[llvm-dev] [PITCH] Improvements to LLVM Decision Making
David Chisnall via llvm-dev
llvm-dev at lists.llvm.org
Fri Jan 17 09:36:59 PST 2020
On 16/01/2020 06:44, Chris Lattner wrote:
> Yes, I agree. The model I have seen work in the Swift community is that there is no formal voting or other pre-structured way a decision is made. Instead, the community provides input to the core team, and the core team (in practice) always goes with the community if there is consensus. If there isn’t consensus or if the core team believes that an important point has come up but hasn’t gotten enough discussion, then it kicks the discussion back to another round with guidance to focus on specific topics etc. It is sort of a managed discussion process in practice.
How is the Swift core team selected?
>> There is no formal leadership of the LLVM community. The LLVM Foundation leadership is self-selected and not necessarily representative, so cannot fill the 'buck stops here' role of someone who has to make the call and justify their decisions when they come up for reelection.
> I agree that this is the hardest part of getting a structure in place, as well as your concerns with the foundation board. What do you suggest? Do you have other ideas, recommendations, or a preferred approach?
I've never seen a model that works well in all situations. I've been in
a few projects where there's a clear maintainer and as long as most
decisions are reached by consensus that the maintainer stamps with their
approval, things work well. This model breaks down when there are
decisions that do not have clear consensus, for example moving a project
to GitHub when a significant fraction of the community have moral
objections to infrastructure that does not meet the FSF's approval. In
this case, there is nothing that the maintainer can do without annoying
half of the community.
The FreeBSD model works reasonably well. First, there is an explicit
notion of a committer as an official project member. Committers have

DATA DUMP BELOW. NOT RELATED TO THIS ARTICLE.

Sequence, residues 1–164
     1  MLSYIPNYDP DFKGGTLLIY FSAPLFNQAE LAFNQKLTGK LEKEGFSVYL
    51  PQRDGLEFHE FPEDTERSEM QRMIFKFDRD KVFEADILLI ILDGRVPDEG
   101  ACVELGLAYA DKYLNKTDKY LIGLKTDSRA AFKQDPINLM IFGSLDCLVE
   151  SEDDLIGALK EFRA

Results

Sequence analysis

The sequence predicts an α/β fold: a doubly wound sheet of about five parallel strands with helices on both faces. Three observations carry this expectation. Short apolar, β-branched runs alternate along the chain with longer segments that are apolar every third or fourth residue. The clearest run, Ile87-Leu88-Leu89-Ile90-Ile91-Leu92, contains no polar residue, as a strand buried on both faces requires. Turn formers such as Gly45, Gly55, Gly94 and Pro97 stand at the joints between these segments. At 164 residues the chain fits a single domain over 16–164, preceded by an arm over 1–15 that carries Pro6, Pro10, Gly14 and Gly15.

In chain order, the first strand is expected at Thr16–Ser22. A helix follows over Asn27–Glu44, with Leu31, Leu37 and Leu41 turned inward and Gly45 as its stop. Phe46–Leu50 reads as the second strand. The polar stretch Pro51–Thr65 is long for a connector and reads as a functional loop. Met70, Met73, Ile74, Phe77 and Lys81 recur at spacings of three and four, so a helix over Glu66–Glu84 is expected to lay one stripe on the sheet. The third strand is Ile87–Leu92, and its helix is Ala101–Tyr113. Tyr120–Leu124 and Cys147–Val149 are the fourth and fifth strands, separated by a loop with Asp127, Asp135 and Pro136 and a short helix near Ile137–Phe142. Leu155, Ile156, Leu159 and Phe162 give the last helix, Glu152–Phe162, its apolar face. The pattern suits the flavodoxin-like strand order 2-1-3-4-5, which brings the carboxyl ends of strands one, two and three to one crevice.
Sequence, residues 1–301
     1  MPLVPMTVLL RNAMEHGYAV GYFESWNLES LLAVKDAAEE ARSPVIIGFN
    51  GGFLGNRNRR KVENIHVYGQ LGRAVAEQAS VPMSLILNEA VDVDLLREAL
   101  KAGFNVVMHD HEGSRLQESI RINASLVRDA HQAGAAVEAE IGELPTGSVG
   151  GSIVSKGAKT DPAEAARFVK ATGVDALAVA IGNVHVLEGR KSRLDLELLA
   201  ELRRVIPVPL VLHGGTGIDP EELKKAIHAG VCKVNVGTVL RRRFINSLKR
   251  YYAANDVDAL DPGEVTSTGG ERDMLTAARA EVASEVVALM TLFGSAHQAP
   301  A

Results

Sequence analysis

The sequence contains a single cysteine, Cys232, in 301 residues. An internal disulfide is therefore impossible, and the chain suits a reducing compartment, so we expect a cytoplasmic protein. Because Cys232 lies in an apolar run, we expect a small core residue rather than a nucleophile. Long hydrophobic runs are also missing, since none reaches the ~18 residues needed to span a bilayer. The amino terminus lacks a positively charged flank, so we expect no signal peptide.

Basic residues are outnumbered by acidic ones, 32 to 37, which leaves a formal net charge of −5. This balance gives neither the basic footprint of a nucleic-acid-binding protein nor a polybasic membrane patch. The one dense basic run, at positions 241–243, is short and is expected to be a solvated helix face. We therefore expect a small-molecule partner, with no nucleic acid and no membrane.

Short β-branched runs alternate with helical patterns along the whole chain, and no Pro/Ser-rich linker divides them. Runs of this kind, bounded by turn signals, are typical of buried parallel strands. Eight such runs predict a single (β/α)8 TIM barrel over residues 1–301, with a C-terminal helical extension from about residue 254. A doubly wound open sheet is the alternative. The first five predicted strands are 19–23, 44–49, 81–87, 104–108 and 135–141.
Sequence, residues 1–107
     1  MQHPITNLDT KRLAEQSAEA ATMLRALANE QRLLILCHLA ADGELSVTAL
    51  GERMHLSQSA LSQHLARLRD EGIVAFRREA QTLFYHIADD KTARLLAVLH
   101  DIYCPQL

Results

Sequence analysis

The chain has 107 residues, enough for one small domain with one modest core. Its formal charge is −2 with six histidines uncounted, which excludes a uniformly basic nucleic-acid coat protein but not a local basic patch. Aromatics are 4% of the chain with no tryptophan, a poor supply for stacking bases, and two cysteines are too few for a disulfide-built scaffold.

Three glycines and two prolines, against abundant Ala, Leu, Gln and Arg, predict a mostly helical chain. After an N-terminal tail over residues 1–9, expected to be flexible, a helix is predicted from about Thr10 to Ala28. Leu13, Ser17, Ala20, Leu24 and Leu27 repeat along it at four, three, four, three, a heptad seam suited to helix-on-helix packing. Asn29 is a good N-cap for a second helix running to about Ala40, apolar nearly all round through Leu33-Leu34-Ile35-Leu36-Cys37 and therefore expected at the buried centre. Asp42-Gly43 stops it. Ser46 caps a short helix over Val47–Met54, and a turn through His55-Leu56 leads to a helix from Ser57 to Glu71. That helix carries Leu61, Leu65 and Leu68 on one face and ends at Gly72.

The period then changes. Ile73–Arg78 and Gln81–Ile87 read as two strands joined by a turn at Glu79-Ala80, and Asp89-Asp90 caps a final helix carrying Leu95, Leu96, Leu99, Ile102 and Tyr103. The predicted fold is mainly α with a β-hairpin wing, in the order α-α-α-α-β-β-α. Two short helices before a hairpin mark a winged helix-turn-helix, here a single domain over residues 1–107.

voting rights for the Core Team. To retain these rights, you must have
committed something in the 12 months before a Core election. To become
a committer, you must be proposed, voted for by the Core Team, and must
then be mentored by an existing committer, who must approve all of your
commits for a little while.
We discussed a mentorship system similar to this for LLVM at the WiCT
workshop and I'd be in favour of something along those lines,
irrespective of the rest of this process.
There are a few problems with the FreeBSD model:
Being a member of the community is tied to committing code (or docs).
There are a number of incredibly valuable members of the community whose
contributions are in other forms. The WiCT keynote (which is still not
online as far as I could see!) highlighted the value of these people.
Decisions made by the Core Team can often affect these people, but they
have no say in the elections.
FreeBSD also has a large downstream community that is not necessarily
represented by this system. In LLVM's case, this community is an even
larger part of the whole ecosystem. There are a lot of out-of-tree
front ends, for example, yet most of the developers of those are not
represented by our current processes. It is a mistake to ignore this
community because it should be one of our primary recruiting pools:
writing a tool that uses LLVM is the best introduction to starting to
work on LLVM itself. The current decision-making process can often
leave these people feeling ignored. The monorepo decision was a good
example of this: it made life easier for active contributors to a set of
core LLVM projects and harder for a number of categories of downstream
consumers. Making these people feel as if they don't have a voice does
not encourage them into our community.
Electing a core team can work very well if the electorate represents the
interests of the community. The LLVM community has a very sharp
in-group / out-group divide currently and I struggle to see any way of
defining an electorate for our wider community that would work well. I
would love to see more effort made to address this split independently,
because I think it would give us a more healthy community and a better
path to a democratic decision making process.
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